This little dessert is a very small twist on a classic one. It was born mostly by accident once using the wrong type of sugar. What resulted was a richer, more caramelised citrus custard than usual, but one that was definitely appreciated by everyone. This time I made it for a birthday celebration so spent some time prettying it up a little.
The most important part of a tart in my opinion is the pastry. This is something me and my S.O. definitely disagree on. But for me it doesn’t matter what’s in the middle if the pastry lets it down! One of my favourite types of pastry is shortcrust.
It’s the most simple pastry, but because of that it’s really easy to mess up by overworking it. You need to do as absolutely little as possible work to this dough to maintain the shortness and avoid developing the gluten. It’s the blessing of shortcrust, but the curse if you don’t know!
While I set the dough to chill in the fridge I started working on the filling. Or in this case the topping! I took one of the egg whites left over from the custard to make tiny little meringues. I wanted to give the meringue topping two different textures to liven it up a little.
While they baked cold and slow, I set about making the custard. Here I cooked the brown sugar with the lemon juice, then gradually added in the butter to start on the custard. I used the mixture to temper the eggs and cooked it together until it made a thick, golden custard.
I blind baked the pastry to make sure it cooked through properly, then added the custard mixture to the middle.
Next you’ll add the merignue. You can simply spoon it on top, but I used my favourite 2D piping tip to pipe a bunch of swirls, being mindful of where I would later place the baked meringues.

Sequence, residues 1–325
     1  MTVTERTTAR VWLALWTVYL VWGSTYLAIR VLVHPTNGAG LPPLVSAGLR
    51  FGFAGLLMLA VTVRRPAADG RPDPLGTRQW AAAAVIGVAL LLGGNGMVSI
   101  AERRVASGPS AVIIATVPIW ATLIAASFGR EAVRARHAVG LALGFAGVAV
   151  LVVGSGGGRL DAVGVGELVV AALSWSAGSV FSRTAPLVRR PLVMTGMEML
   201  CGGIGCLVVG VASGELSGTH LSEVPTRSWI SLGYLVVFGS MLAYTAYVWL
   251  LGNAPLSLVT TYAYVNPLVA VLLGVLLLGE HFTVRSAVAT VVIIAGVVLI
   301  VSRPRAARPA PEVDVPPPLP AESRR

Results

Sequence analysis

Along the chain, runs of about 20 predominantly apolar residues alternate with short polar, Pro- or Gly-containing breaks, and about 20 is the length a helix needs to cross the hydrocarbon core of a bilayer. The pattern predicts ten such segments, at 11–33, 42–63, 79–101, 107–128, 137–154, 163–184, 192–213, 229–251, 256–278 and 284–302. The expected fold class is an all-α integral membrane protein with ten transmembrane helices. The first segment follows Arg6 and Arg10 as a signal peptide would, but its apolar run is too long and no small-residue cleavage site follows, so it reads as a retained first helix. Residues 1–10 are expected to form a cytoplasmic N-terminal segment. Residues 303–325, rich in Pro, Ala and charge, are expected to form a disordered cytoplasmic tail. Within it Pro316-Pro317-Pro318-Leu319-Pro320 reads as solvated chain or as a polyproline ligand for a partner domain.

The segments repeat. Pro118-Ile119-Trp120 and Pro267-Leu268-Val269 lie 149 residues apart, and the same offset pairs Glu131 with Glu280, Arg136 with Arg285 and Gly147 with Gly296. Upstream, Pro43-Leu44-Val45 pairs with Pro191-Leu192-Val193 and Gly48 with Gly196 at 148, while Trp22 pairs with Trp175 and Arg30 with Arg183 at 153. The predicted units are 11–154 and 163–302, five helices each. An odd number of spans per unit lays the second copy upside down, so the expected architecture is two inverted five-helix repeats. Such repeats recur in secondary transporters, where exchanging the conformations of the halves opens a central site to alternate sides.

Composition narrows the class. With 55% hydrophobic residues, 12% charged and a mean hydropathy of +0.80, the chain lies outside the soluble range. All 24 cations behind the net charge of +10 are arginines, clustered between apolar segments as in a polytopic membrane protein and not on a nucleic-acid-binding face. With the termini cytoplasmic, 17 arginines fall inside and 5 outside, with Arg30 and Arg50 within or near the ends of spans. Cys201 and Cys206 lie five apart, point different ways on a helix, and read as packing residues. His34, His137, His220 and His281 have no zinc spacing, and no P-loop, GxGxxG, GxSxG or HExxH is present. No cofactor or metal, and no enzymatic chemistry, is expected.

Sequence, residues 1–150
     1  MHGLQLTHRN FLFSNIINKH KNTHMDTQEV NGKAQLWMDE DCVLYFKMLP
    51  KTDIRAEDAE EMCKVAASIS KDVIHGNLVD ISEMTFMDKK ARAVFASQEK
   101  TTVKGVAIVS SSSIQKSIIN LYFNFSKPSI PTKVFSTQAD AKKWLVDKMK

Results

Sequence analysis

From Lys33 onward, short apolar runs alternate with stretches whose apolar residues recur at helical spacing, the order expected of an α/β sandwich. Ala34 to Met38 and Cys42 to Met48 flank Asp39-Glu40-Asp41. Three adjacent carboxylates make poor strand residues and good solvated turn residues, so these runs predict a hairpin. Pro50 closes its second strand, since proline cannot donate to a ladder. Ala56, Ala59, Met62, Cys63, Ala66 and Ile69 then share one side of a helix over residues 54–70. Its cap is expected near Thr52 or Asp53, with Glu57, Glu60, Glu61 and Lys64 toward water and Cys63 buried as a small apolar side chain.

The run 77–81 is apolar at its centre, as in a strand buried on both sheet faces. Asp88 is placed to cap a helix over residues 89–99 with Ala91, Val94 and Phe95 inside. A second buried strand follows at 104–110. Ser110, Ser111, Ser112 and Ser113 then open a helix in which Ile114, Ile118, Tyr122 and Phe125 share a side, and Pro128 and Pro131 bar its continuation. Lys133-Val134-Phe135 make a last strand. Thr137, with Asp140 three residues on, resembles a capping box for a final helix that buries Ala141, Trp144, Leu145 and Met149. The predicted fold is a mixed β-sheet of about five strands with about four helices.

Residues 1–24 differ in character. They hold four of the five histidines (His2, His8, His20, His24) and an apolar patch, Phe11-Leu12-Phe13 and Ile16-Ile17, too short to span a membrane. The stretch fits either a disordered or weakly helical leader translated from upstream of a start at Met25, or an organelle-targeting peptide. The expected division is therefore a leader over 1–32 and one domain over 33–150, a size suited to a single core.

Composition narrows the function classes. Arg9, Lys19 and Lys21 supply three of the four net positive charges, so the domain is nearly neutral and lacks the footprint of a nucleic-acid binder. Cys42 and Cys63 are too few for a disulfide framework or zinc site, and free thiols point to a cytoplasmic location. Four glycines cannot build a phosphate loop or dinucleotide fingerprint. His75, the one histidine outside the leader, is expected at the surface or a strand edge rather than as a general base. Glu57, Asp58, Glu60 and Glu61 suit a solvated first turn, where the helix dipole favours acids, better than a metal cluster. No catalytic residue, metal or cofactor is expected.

A short time in the oven will cook the meringue, but I wanted to make it contrast a little more so I took my blowtorch to the highest swirls and gave them a little extra colour.
I placed the baked meringues on top and dotted blueberries and rosemary flowers from the garden on the top.
The result is a smooth but bitey custard, offset by the light and fluffy meringue. Those little dollops of baked meringue bring a bit of an extra crunch to all that topping. But of course my favourite part is that golden crumbly shortcrust that brings it all together.
Here’s how to make yours!
Golden Lemon Meringue Tart
A rich, caramelised lemon custard topped with fluffy and crispy meringue.
• 175g plain flour
• 100g butter, chilled and cubed
• 1 tbsp icing sugar
• 1 egg yolk
Golden Lemon Custard
• 2 tbsp cornflour
• 100g brown sugar
• grated lemon zest from 2 lemons
• 125ml fresh lemon juice
• 1 orange, juiced
• 85g butter, cubed
• 4 egg yolks
• 1 egg white (for baked meringue)
• 50g caster sugar (for baked meringue)
• 4 egg whites
• 200g caster sugar
• 2 tsp cornflour
- For the pastry, place the chilled butter and flour into a food processor; pulse until mixture is just combined and resembles fine breadcrumbs
- Add the egg yolk and icing sugar and pulse until mixture just comes together, taking care not to overwork the dough
- Gently flatten the dough into a disc; place between two sheets of baking paper and roll out to about 3mm thickness.
- Use pastry to line a 23cm tart pan; prick the base with a fork and chill in the fridge for at least an hour.
- Place a sheet of foil or baking paper over the pastry and fill with pie weights (you can use rice if you don’t have pie weights).